Jacques Boissinot The Canadian Press The office of the minister responsible for Relations with First Nations and Inuit, Ian Lafrenière, has not yet specified when the committee's work on Bill 32 should resume.
After hearing the harsh criticisms made by several Indigenous speakers, Minister Ian Lafrenière now says he wants to take “the time to think about what happens next” before going further with his bill on cultural security in the network of health.
More than a month after having passed the stage of special consultations, the bill establishing the cultural security approach within the health and social services network has still not returned to the menu of the Committee on Institutions of the National Assembly of Quebec.
In response to questions from The Canadian Press, the office of the minister responsible for Relations with First Nations and Inuit did not specify when the committee's work on Bill 32 should resume.
For the moment, the minister says he is analyzing the submissions received. In two days of consultations, 14 people and organizations were heard. In addition, seven organizations submitted briefs without having been invited to testify before parliamentarians.
Ian Lafrenière said he “clearly heard the concerns” of the various speakers. The criticism focused in particular on the refusal to recognize the systemic racism suffered by Indigenous people and to adopt the Joyce Principle developed by the Attikamekw community in the wake of the tragic death of Joyce Echaquan at the Joliette Hospital in September 2020.< /p>
Several witnesses denounced a “paternalistic”, even “colonialist” approach, devoid of real co-construction with the First Nations and the Inuit. There have been numerous calls for withdrawal, postponement or rewriting of the bill.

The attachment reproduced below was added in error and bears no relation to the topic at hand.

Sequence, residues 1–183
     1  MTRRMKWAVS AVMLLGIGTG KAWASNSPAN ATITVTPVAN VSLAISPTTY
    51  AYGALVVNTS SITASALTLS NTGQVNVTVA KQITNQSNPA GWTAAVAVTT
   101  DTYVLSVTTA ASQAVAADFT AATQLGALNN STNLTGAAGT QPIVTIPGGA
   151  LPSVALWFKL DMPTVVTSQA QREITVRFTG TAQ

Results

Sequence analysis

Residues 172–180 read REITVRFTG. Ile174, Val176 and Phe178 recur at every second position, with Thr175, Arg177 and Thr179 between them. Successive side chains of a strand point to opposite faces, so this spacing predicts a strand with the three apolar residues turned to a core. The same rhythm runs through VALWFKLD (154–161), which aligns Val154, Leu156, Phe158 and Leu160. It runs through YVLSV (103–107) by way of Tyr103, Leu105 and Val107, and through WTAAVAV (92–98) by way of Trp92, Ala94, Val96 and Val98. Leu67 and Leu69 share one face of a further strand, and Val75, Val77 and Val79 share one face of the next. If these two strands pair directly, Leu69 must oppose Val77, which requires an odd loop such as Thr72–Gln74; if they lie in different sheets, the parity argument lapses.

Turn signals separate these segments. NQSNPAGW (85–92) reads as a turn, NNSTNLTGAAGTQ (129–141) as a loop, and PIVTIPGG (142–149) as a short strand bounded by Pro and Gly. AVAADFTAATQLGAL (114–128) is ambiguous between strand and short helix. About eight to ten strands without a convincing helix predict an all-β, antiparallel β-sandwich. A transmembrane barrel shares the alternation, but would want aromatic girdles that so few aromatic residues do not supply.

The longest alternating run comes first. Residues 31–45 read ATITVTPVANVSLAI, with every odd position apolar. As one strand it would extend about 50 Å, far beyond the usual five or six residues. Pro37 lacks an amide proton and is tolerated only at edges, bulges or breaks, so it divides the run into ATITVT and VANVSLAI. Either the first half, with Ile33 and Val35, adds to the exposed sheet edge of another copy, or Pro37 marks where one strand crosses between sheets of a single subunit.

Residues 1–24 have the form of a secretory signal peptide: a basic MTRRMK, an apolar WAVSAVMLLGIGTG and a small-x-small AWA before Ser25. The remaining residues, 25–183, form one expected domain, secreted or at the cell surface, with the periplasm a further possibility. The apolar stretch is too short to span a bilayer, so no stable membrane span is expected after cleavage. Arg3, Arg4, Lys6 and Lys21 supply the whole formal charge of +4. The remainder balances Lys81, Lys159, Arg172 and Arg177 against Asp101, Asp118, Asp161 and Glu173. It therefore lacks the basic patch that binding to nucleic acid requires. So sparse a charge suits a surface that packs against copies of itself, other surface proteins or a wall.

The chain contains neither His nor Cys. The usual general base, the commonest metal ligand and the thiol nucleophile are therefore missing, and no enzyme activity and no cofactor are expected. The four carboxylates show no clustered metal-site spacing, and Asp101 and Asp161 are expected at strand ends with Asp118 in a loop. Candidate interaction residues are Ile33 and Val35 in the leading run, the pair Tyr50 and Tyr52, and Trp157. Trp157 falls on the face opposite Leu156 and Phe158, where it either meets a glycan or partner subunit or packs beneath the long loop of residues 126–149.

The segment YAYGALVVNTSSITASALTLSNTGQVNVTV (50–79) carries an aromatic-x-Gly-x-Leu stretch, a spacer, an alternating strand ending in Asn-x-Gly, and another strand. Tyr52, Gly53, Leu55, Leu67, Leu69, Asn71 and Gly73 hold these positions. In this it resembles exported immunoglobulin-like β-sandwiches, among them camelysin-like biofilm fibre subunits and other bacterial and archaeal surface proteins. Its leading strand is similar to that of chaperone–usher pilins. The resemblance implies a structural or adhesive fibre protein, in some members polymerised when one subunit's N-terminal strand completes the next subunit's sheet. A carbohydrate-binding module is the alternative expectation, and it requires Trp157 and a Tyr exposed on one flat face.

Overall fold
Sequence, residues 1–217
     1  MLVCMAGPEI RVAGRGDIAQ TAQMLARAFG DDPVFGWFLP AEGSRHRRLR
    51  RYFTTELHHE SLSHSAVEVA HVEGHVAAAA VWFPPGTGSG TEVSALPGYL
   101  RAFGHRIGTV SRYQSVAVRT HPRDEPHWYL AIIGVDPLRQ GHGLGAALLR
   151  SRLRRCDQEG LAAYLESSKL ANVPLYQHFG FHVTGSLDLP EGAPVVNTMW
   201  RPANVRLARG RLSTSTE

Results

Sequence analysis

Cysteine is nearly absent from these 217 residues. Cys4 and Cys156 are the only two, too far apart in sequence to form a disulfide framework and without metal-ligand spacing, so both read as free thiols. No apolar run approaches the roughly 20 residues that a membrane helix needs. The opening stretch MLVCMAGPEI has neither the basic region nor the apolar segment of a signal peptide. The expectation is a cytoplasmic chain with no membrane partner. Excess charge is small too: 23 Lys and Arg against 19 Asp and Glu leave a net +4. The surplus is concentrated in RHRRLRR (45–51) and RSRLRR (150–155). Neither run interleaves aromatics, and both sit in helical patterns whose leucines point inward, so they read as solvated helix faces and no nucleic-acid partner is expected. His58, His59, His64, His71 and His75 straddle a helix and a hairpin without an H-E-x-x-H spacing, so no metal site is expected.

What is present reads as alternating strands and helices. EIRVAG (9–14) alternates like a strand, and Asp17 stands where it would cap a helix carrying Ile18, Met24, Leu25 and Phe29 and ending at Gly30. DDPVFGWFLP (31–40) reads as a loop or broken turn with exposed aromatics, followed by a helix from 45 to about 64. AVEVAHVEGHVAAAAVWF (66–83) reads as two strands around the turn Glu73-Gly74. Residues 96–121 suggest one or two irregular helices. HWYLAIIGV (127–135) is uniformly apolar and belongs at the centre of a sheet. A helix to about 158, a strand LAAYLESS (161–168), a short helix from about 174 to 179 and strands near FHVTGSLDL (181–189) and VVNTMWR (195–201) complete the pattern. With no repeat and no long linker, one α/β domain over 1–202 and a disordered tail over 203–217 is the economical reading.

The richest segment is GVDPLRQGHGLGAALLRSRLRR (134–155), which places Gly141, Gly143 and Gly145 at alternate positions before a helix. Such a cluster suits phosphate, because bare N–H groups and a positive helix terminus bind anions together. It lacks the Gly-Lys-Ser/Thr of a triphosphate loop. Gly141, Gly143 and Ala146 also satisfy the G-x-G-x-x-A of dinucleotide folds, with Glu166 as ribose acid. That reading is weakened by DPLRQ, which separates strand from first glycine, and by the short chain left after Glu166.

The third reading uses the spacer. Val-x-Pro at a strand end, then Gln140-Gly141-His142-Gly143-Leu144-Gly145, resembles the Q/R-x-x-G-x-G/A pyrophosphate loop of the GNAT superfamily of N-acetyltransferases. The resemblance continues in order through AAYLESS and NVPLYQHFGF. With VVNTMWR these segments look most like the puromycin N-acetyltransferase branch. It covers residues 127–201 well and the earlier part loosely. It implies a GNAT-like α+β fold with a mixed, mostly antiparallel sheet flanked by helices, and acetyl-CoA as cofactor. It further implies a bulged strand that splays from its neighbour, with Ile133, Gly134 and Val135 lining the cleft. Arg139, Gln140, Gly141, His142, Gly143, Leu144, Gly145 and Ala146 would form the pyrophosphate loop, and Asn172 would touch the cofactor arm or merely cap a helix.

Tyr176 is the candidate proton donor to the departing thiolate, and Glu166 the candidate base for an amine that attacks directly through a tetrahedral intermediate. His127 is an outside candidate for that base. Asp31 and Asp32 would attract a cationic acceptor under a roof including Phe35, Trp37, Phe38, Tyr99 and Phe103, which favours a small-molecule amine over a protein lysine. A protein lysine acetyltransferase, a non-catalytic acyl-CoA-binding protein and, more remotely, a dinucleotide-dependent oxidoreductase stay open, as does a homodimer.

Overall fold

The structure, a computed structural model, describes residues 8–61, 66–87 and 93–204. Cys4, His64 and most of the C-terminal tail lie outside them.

- The network of health must take into account indigenous realities
- Bill 32 on cultural security receives a lukewarm reception at the AFNQL
- Three years after the death of Joyce Echaquan, “the fear is still there”
- Quebec is content with “piecemeal” initiatives for Indigenous people
A month later, Minister Lafrenière maintains that we must “work better together”, which partly explains his desire to take the necessary time before going further.
Coming down to four pages, Bill 32 only has five articles. Very non-binding, it asks health establishments to adapt their service offering “where possible” by, for example, hiring indigenous staff, offering support resources, offering training to their staff or by “taking into account the realities specific to indigenous women and girls.”
Indigenous voices see this as a new attempt to place the burden on the shoulders of individuals without carrying out real systemic transformations.< /p>
Urgency to act
Despite calls to step back and his own desire to take time, the minister repeats that there is still “urgency to act” in this matter. The latter recalls that legislating on cultural security is one of the recommendations of the Viens commission report.
Former judge Jacques Viens, who chaired the “Commission of Inquiry on Relations between Indigenous Peoples and Certain Public Services in Quebec: Listening, Reconciliation and Progress,” also took advantage of the public hearings to declare that he is “ impossible to deny the systemic discrimination suffered by First Nations and Inuit.”
He warned the minister that without this recognition, it will be very difficult for him to move forward “despite all (his) good will and (his) laudable efforts.”
At the beginning of the month, the Public Protector added to this issue by presenting a report that was not very complimentary for the Coalition Avenir Québec government. It revealed that barely 11 of the 142 calls to action of the Viens commission had been fully implemented.
Marc-André Dowd then affirmed that “systemic discrimination against members of the First Nations and Inuit continues” in Quebec. He said he considers it “imperative that the state and society alike put an end to it.”
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